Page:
Despite my peripatetic sporting trips, I realize I’ve only scratched the surface of Slovenia’s many adventure options. Local companies advertise zip line tours, underground spelunking expeditions, paragliding lessons, horseback riding, canyoneering, and every manner of hiking tour, including the recently inaugurated and expanded Walk of Peace.
In 2015 – the 100th anniversary of the bloody WWI battles along the Isonzo Front between Italy and Austria-Hungary – a set of 15 hiking trails were linked to create the approximately 143-mile long (230km) Walk of Peace tracing a path from the Slovenian Alps to the Italian Adriatic Sea by Trieste, Italy.
The trail memorializes the lesser known but still bitterly savage battles along the Soca Valley in what is now northwestern Slovenia. You can walk on multi-day guided tours and self-guided daily excursions past hundreds of historical markers, ranging from cemeteries to churches, memorials, preserved battle trenches and small museums – including the important Walk of Peace Visitor Center in Kobarid, near the northern end of the trail. Since its inauguration, the trail has expanded to cover many new spur trails exploring this spectacularly beautiful and tragically historic mountain region.
After all my adventure activities, I figure I’ve earned some of the epicurean treats of Slovenia. Meals around my Bohinj base range from savory wild boar roasts to light toasted veggie combos, towering strudels and juicy burgers, all washed down with inexpensive and tasty local wines and some noteworthy Slovenian microbrews.
I rent a car to journey to further explore Slovenia’s wine and honey. The country has been famous for its honey since the 18th century when Hapsburg Queen Maria Theresa developed a taste for its product. Nowadays, apiaries line the hills and backroads, many offering visits with tastings, including Beekeeping Ambrozic, about a 40-minute drive from Bohinj. There I gear up in a full beekeeping suit to open the beehives with their traditional hand-painted panels and try some fresh-from-the-hive honey. Intrigued, with bee culture, I drive 15 minutes south to the Museum of Apiculture in Rodovljica to learn about the country’s love affair with honey-making.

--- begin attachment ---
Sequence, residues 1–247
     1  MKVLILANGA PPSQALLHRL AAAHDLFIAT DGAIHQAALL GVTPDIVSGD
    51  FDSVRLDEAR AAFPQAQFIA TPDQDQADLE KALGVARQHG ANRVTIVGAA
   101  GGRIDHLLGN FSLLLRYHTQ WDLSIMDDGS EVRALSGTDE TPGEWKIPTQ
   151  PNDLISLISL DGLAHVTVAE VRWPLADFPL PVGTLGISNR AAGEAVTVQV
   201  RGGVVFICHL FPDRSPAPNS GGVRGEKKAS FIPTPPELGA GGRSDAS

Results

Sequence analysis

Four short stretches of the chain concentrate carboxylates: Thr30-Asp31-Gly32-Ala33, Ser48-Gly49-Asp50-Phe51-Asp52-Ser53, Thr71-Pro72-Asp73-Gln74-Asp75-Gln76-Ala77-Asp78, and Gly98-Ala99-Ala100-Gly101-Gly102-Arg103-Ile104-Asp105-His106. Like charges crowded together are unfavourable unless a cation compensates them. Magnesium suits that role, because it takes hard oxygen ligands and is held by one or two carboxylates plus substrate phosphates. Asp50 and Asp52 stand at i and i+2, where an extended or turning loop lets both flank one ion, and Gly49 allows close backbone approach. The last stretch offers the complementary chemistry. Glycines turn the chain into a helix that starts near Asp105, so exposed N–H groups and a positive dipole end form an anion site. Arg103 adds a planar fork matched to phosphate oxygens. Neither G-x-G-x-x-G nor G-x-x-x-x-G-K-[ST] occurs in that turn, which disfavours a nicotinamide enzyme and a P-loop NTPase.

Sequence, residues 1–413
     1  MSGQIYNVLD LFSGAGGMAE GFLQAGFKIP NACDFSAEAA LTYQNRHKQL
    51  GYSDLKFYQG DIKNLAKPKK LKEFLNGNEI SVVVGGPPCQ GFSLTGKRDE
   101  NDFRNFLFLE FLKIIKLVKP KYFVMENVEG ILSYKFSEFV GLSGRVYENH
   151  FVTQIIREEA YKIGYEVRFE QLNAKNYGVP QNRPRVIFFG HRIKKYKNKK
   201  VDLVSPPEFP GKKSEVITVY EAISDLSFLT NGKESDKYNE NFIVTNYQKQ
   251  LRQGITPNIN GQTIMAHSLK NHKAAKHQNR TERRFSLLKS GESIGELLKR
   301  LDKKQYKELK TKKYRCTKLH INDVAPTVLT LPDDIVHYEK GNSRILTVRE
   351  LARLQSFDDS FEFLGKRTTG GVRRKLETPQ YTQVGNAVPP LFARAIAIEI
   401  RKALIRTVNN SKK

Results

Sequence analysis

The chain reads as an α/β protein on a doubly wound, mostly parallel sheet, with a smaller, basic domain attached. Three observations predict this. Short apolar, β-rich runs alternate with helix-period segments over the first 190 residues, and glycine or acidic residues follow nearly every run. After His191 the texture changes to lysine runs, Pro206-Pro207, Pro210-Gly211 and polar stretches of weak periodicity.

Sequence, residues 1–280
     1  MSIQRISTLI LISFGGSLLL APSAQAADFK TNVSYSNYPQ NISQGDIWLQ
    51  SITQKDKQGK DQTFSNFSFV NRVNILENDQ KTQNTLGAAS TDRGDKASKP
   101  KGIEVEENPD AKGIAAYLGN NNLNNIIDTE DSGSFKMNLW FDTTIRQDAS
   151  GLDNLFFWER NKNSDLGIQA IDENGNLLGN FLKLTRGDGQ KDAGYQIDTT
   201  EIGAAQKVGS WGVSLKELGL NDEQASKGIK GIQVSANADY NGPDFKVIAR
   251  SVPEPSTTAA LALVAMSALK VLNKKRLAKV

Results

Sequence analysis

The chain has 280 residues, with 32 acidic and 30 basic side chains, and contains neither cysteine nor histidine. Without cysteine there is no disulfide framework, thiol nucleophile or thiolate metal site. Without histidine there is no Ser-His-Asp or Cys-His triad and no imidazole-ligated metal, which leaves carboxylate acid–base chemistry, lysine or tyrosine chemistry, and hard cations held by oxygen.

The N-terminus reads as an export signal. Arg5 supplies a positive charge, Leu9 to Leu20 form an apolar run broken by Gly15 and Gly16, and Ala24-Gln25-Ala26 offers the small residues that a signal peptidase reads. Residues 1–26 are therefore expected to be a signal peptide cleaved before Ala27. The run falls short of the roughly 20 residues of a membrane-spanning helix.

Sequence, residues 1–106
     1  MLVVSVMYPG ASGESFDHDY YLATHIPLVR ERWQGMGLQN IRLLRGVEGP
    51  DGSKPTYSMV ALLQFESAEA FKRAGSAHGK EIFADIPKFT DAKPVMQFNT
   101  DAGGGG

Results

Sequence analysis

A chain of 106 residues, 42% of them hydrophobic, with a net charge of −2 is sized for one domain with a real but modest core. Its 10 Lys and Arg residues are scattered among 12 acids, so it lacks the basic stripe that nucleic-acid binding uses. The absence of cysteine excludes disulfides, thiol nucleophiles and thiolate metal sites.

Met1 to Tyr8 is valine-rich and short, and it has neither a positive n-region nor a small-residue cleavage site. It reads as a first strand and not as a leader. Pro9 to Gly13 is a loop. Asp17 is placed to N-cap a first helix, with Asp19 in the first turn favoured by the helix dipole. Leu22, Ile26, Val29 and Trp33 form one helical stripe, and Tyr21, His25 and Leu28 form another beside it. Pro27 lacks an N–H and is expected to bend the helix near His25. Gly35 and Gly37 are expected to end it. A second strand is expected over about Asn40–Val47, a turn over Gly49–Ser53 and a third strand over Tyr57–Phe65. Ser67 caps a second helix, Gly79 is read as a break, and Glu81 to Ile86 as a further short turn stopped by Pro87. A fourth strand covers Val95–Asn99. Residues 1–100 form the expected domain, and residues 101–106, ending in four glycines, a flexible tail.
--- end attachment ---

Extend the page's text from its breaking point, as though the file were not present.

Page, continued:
I continue my drive an hour south to the Vipava Valley to find some local wines to pair with my bread and honey. The town of Vipava has several tasting rooms, giving me tips for visiting some of the vineyards in the hills – some humble family farms, others slick Napa-style operations with visitor tours. My wine country excursion culminates with a late afternoon lunch and homemade fruit brandy tasting at the impossible-to-pronounce Sinji Vrh restaurant atop a scenic peak, where I watch more paragliders swirl in the sky, bookending my Slovenian mountaintop travels from rough hiking to sweet desserts.
Public buses are readily available for cross-country trips, and as the guide mentioned, run on time. Renting a car is important if you’re branching out to explore more rural areas. My ride from Ljubljana to Bohinj (about 50mi/85km) took about 2.5 hours by public bus with many stops. You can cut the time in half by driving yourself – the roads are good, though care should be taken on winding mountain routes, particularly in winter. While some notable luxury lodging exists around the country, most guest houses are in the two- to three- star range, focusing on location and practicality, rather than luxury and services.
The country has a wealth of tour operators, both for day trips and longer tours, with daily rentals of bikes, kayaks, and other gear easy to come by in tourist-friendly towns. Summer high season can be busy in tourist hubs like Lake Bled and Bohinj – consider visiting during spring and fall shoulder seasons for lighter crowds. Winter sports are hugely popular as well, with many ski resorts including Mt. Vogel at Lake Bohinj.
For more info, explore the country’s excellent tourism website.
Slovenia is one of the safest places to visit. The biggest danger you're likely to face is falling into a pretty lake because you were too distracted by the peaceful backdrop of the snowy alps.
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I was in Slovenia in June, for only two and a half days, which limited my exploring to the capital and Lake Bled.
Next time I return, I'll be sure to visit Lake Bohinj, plus a sight that you didn't mention, the Soča River, a stunningly blue alpine river.